Monitoring Check-in Policy Overrides

I’m often asked by customers why there is no way to prevent check-in policy overrides in TFS. Usually I respond along the lines of, “Well, it should be a really rare occurrence (otherwise why have the policy?) and besides, every action against TFS is tracked, so you can monitor overrides and beat ‘chat nicely’ to the developer who is overriding the policies”. Which is all well and fine, but exactly how do you monitor policy overrides?

Using Indexed Published Symbols from TeamBuilds

You’ve seen the indexing and symbol publishing options when you set up a Team Build – but have you ever tried to debug and application that has symbols? How do you get VS to use the published symbols? What are these settings for anyway?
Source indexing and published symbols make possible to debug an application without shipping symbols. Source indexing produces pdb files during a build – essentially mapping the binary to the source code. During a team build, extra information is wrapped inside the pdbs – like the Team Foundation Server URL where they were built and version control paths to and versions of source code. This allows VS to download source code for debugging – and since there’s security involved (to access the TFS server) – source server support is disabled for debugging by default.
Fortunately enabling it is quite easy – especially if you read your Kindle copy of Inside the MS Build Engine (2nd edition) on the plane!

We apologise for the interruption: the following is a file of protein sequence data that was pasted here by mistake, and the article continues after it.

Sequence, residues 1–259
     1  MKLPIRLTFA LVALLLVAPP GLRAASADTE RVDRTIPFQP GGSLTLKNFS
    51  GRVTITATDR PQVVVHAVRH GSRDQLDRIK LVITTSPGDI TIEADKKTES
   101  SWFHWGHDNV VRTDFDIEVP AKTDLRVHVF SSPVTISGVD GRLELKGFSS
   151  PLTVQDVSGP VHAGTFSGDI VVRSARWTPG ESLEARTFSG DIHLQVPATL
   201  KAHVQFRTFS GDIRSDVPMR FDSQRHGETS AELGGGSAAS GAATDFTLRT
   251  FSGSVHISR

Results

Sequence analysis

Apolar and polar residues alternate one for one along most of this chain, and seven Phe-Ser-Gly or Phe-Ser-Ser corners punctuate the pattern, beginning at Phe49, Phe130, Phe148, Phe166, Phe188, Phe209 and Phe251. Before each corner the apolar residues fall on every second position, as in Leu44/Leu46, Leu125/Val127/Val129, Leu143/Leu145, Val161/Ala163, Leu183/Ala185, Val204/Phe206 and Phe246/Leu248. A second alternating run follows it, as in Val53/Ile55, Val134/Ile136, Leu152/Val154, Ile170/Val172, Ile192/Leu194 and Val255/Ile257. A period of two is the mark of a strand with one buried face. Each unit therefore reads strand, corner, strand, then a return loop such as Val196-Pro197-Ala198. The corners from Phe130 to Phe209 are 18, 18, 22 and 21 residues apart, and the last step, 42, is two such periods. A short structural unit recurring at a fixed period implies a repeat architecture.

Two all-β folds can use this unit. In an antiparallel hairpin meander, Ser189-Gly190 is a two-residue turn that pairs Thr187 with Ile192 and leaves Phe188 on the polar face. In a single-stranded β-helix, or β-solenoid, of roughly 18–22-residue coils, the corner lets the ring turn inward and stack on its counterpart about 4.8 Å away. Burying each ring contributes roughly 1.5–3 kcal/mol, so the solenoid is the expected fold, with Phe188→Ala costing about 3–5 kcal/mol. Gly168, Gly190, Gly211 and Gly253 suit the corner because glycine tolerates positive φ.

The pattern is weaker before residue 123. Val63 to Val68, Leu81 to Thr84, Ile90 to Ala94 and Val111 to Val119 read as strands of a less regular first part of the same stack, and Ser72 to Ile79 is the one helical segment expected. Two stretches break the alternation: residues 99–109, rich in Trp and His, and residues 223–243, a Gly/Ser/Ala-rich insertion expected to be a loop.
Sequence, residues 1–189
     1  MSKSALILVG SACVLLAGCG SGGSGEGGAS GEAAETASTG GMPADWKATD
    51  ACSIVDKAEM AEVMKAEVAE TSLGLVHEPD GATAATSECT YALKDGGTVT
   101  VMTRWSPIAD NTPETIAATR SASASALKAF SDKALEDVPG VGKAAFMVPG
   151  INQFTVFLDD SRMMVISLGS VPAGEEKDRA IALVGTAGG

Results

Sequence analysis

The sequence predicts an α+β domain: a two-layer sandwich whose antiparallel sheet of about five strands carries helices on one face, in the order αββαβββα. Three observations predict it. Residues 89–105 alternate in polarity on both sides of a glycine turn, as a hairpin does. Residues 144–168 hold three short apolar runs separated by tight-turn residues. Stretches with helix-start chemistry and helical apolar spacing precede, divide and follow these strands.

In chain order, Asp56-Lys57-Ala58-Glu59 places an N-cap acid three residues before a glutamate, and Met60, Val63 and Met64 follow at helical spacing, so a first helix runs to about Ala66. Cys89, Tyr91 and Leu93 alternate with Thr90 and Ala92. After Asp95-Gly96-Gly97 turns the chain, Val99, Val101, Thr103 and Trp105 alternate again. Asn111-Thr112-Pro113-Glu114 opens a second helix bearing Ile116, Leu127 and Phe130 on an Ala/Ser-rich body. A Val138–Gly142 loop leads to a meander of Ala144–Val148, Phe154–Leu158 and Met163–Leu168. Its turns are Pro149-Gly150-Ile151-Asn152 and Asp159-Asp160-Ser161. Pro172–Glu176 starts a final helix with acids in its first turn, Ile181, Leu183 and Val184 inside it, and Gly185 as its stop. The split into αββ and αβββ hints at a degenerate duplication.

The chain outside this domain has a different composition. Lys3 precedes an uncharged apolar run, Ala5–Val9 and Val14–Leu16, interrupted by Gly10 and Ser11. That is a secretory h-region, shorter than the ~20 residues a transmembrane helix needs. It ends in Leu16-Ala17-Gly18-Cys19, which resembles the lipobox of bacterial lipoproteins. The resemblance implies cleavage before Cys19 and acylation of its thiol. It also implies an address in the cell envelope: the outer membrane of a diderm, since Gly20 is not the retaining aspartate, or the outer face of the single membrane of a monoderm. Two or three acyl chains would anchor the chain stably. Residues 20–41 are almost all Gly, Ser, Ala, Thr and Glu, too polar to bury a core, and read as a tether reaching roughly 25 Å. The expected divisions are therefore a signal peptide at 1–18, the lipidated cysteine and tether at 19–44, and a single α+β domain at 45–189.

Open VS and go to Tools->Options->Debugging->General settings and tick the “Enable source server support”.

Running Data-Driven Unit Tests with SpreadSheets on Sharepoint

Data-driven unit tests are a great way to run lots of tests. You define a test harness (or method) and tie it to a spreadsheet in an Excel file to “drive” the test – each row in the spreadsheet is one iteration of the test case. I am not going to go into any more detail here – there are plenty of examples about how to set these up. Another advantage of using Excel for data-driven tests is that testers love Excel. They can open and edit the spreadsheet and add / edit / remove test cases at will.

Running DB Data Generation and Unit Tests in TeamBuild 2010

Using “Data Dude” (or VS DB Professional) in VS 2010 allows you to bring Agile to your database development. You can import a database schema and add it to source control – so you get linking to work items as well as branching and labelling etc. Furthermore, you can use TeamBuild to build a .schema file, and then use vsdbcmd.exe to deploy schema changes (incrementally) to databases. You can also create unit tests and data generation plans.


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